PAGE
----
Tag Archives: Jason Kenney

International students and the Canadian state

12 Aug

Screen shot 2013-08-12 at 12.08.12 PMWhen I was first involved in the student movement, one of the great victories that we had won was the right for international students to work off campus.

Prior to June 2005, international students were limited to only being allowed to work on campus.

On campus jobs are highly competitive. Most will work around academic schedules, they’re usually better paid jobs than off campus and they also tend to be more interesting. Domestic students would apply for these jobs too, making it possible that international students would find themselves out of luck for work, just because the demand on these jobs was so high.

The federal government created a task force to examine the possibility of allowing international students to work off campus and started by piloting a project in several major cities across Canada. It wasn’t long before a new off campus work permit was created and international students could seek work off campus.

The entire question of “being allowed to” work is absurd. International students come to Canada to study and are treated like oases of money: in the desert of Canadian students scraping by and funding their futures on debt, international students arrive on campus, keen and ready to learn. Sure, the great lengths they take to get there tend to be invisible to Canadians, but it doesn’t matter. They’re willing to pay three to four times the amount of money that a Canadian student wants to pay. And, without citizenship, they’ll behave. No one wants to be deported for protesting high tuition fees.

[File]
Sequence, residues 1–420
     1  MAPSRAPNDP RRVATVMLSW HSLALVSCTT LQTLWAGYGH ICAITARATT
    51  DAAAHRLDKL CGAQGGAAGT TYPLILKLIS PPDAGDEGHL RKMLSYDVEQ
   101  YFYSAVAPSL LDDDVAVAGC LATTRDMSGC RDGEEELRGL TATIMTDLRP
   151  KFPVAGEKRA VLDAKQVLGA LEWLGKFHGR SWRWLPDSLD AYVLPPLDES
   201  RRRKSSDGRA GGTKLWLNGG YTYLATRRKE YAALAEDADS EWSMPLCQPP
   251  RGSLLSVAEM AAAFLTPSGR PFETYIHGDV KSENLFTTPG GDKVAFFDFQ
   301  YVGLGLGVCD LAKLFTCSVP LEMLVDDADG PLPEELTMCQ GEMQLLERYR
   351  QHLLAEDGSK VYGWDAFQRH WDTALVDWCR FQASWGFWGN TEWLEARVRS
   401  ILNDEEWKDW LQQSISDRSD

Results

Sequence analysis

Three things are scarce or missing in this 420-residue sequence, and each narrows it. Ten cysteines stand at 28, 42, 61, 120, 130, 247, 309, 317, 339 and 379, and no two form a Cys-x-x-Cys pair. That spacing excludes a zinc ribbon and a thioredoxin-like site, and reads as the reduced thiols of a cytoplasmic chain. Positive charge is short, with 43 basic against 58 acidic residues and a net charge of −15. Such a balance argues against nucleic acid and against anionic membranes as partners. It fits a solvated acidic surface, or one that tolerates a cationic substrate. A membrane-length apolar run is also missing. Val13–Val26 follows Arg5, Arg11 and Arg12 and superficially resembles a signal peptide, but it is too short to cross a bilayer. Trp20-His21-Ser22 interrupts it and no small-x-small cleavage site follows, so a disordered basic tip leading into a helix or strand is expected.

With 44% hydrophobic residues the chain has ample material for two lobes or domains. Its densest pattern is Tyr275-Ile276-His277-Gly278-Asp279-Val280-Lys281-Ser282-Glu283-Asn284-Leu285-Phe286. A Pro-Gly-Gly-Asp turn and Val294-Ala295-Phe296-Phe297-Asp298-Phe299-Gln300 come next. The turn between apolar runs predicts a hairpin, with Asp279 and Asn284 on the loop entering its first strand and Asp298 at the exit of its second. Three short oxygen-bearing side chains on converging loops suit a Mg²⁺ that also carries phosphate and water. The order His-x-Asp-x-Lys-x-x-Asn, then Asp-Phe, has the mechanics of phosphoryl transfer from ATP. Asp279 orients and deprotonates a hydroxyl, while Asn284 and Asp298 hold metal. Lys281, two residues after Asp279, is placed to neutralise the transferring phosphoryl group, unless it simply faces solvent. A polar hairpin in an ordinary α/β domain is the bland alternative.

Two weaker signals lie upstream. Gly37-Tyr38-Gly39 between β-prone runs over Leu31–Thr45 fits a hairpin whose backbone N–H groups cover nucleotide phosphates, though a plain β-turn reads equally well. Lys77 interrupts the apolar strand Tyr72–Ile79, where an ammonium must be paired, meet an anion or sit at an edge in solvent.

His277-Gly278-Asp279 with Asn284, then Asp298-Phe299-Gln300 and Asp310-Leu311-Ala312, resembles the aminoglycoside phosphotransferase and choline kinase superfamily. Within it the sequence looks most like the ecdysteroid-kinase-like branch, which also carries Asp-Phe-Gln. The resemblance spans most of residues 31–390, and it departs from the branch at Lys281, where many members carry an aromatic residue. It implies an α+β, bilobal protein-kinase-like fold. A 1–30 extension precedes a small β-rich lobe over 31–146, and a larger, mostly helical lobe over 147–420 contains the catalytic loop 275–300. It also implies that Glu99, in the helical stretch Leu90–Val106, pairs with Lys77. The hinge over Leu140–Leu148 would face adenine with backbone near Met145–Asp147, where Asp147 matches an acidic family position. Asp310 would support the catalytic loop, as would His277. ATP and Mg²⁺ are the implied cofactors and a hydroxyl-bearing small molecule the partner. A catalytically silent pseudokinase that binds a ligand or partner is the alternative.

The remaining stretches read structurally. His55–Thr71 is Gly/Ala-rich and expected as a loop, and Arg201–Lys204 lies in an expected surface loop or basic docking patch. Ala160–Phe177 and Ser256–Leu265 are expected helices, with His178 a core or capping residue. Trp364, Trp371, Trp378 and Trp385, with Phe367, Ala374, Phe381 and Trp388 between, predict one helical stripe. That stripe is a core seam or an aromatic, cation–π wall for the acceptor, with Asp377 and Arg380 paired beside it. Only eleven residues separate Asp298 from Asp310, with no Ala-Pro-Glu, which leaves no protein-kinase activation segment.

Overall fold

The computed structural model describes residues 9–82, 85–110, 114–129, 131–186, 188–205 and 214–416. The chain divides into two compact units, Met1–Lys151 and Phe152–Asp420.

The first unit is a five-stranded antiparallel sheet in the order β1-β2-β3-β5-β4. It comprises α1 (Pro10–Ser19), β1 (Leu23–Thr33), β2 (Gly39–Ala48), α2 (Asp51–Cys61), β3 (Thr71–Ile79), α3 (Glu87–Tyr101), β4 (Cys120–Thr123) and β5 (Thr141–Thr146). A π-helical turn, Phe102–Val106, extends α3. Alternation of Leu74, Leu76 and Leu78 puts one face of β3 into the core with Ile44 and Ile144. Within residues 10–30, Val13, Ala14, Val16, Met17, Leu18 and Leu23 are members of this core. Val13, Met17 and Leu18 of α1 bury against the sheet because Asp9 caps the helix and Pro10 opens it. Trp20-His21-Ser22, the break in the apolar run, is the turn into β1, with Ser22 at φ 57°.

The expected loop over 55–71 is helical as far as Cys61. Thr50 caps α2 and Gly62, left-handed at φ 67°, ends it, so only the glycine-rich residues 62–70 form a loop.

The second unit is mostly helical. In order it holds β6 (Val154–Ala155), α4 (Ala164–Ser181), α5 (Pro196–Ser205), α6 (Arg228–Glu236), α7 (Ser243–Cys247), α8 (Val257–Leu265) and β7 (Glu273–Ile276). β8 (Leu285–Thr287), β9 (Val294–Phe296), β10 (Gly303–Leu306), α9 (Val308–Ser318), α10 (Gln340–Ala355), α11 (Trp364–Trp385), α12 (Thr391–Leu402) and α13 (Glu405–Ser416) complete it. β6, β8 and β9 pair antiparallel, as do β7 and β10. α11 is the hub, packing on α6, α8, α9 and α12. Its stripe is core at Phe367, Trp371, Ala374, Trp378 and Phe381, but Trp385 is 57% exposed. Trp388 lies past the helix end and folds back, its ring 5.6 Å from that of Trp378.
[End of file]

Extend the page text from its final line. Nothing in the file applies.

Let’s ignore the human side of this (you know, the side of where they’re far from home, many are away from spouses and kids, how none of this is just etc.). Speaking purely about money, international students have to contend not just with outrageously high tuition fees, but they also have two other threats: the fact that, at most schools, tuition fees are deregulated and that they can increase from year to year at any amount, making multi-year budgeting impossible. And two: with currency fluctuations, the worth of a foreign currency against the Canadian dollar can change from year to year. Oh, your home currency’s worth plummeted this past year? Factor that into your tuition fee costs and it becomes even more expensive.

Considering these pressures, there is no question of being “allowed” to work. International students are forced to work. The vast majority depend on their Canadian jobs to find the money to, you know, eat and pay rent.

This reality is what makes the plight of two University of Regina students so sick.

Despite promises to harmonize the system in the next year, the federal government has not yet merged the on-campus visa with the off-campus visa. Students holding one must find work where their visa allows them to work. So, if you find a shit job at Wal-Mart, for example, but the government says that your job must be on campus (and there aren’t any Wal-Marts on campus, yet!), you could get in trouble. Your employer would likely fire you, if they read the visa and realized that it applied only to on campus jobs. You might be fined.

Or, for Victoria Ordu and Favour Amadi, you face deportation.

For working a few weeks at Wal-Mart, before quitting once they realized their mistake, they risk losing three years of their university education, three years of international tuition fees, three years of being away from home. And the federal government thinks that they deserve such a harsh punishment.

In an era where Canada relies on non-Canadian workers to drive its economy through the temporary foreign worker program, and where that program has been widely abused by huge corporations, Victoria and Favour’s deportation order is clearly an attack on two women who simply don’t have access to power. Ignore Wal-Mart’s responsibility too; they clearly didn’t bother to check their visas, which they’re required to do. It’s the women’s faults.

The University of Regina has opposed the deportation order. So have the provincial SaskParty and the NDP. The support for deportation comes from the hypocritical, draconian and punitive federal government. Ministers have refused to intervene, which they have the right to, and Victoria and Favour have been living in sanctuary for more than a year.